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Title: Text-Mining to Identify Gene Sets Involved in Biocorrosion by Sulfate-Reducing Bacteria: A Semi-Automated Workflow
A significant amount of literature is available on biocorrosion, which makes manual extraction of crucial information such as genes and proteins a laborious task. Despite the fast growth of biology related corrosion studies, there is a limited number of gene collections relating to the corrosion process (biocorrosion). Text mining offers a potential solution by automatically extracting the essential information from unstructured text. We present a text mining workflow that extracts biocorrosion associated genes/proteins in sulfate-reducing bacteria (SRB) from literature databases (e.g., PubMed and PMC). This semi-automatic workflow is built with the Named Entity Recognition (NER) method and Convolutional Neural Network (CNN) model. With PubMed and PMCID as inputs, the workflow identified 227 genes belonging to several Desulfovibrio species. To validate their functions, Gene Ontology (GO) enrichment and biological network analysis was performed using UniprotKB and STRING-DB, respectively. The GO analysis showed that metal ion binding, sulfur binding, and electron transport were among the principal molecular functions. Furthermore, the biological network analysis generated three interlinked clusters containing genes involved in metal ion binding, cellular respiration, and electron transfer, which suggests the involvement of the extracted gene set in biocorrosion. Finally, the dataset was validated through manual curation, yielding a similar set of genes as our workflow; among these, hysB and hydA, and sat and dsrB were identified as the metal ion binding and sulfur metabolism genes, respectively. The identified genes were mapped with the pangenome of 63 SRB genomes that yielded the distribution of these genes across 63 SRB based on the amino acid sequence similarity and were further categorized as core and accessory gene families. SRB’s role in biocorrosion involves the transfer of electrons from the metal surface via a hydrogen medium to the sulfate reduction pathway. Therefore, genes encoding hydrogenases and cytochromes might be participating in removing hydrogen from the metals through electron transfer. Moreover, the production of corrosive sulfide from the sulfur metabolism indirectly contributes to the localized pitting of the metals. After the corroboration of text mining results with SRB biocorrosion mechanisms, we suggest that the text mining framework could be utilized for genes/proteins extraction and significantly reduce the manual curation time.  more » « less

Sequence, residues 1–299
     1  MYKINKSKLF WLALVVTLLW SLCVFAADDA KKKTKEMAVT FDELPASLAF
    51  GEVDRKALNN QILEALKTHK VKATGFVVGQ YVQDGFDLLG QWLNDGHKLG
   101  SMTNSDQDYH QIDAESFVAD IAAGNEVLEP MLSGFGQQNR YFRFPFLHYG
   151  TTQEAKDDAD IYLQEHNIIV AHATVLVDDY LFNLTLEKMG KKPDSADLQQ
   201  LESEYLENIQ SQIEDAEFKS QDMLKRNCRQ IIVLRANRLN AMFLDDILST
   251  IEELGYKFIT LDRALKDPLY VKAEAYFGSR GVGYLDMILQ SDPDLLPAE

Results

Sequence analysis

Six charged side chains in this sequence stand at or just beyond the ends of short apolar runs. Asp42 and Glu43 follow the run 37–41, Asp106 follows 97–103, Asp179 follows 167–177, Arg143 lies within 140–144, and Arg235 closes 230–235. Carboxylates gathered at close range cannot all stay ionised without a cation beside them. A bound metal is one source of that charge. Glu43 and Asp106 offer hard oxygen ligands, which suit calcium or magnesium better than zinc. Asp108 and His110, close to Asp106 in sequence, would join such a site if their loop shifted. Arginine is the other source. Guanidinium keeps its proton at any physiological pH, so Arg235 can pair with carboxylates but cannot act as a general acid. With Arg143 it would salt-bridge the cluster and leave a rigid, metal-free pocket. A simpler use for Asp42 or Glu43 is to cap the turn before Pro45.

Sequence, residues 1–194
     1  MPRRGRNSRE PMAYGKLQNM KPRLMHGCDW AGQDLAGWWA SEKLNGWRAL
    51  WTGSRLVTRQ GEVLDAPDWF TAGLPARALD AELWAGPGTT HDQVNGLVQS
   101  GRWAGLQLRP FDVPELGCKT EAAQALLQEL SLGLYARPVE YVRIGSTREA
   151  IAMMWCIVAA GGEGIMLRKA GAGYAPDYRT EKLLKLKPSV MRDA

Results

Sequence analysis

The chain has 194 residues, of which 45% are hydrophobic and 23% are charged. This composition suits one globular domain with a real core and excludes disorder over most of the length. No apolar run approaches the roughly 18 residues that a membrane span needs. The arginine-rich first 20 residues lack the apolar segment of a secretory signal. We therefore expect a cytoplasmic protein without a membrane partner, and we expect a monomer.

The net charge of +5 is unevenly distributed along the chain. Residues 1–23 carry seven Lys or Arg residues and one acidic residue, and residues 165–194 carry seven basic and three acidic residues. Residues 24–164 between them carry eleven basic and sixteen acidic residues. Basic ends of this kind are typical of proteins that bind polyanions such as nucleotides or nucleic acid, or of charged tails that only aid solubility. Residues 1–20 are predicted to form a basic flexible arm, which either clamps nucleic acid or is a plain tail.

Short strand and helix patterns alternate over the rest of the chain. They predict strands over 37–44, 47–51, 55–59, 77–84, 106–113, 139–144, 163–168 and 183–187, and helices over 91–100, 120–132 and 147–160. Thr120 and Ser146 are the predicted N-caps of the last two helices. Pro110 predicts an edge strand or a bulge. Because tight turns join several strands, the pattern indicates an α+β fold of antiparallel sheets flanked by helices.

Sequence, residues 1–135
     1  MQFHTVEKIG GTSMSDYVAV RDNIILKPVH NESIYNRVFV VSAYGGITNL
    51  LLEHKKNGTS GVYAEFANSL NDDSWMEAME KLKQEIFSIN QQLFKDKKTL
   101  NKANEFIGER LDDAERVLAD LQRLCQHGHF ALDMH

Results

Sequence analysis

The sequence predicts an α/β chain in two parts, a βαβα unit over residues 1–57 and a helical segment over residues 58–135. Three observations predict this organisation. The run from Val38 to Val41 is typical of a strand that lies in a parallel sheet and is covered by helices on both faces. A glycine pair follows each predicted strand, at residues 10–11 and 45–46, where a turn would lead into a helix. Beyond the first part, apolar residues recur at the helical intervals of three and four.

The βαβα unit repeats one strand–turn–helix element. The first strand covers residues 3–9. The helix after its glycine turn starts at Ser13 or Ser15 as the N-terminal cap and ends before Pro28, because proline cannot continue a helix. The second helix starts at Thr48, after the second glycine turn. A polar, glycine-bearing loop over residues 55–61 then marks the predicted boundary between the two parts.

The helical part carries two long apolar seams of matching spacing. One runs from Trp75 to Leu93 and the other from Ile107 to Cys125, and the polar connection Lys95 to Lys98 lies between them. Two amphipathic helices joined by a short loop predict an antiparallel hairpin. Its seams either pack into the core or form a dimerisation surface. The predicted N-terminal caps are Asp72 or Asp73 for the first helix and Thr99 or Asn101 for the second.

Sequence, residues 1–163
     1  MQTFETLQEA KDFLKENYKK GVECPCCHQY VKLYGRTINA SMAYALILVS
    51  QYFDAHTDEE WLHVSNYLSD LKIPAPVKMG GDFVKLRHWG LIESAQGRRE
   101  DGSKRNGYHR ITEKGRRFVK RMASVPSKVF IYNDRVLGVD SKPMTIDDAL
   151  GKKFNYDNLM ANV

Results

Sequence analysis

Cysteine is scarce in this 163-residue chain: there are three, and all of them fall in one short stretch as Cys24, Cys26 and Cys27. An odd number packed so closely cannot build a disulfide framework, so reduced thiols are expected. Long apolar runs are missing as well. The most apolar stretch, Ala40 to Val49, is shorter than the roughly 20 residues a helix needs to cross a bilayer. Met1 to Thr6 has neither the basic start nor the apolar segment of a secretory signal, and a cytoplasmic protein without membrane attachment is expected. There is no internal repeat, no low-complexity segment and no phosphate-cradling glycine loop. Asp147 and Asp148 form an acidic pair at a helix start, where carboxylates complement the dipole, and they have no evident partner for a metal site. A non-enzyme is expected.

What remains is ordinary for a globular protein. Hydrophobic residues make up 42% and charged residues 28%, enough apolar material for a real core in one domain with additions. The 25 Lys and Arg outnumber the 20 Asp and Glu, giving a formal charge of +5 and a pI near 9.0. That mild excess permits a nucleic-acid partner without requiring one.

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National Science Foundation
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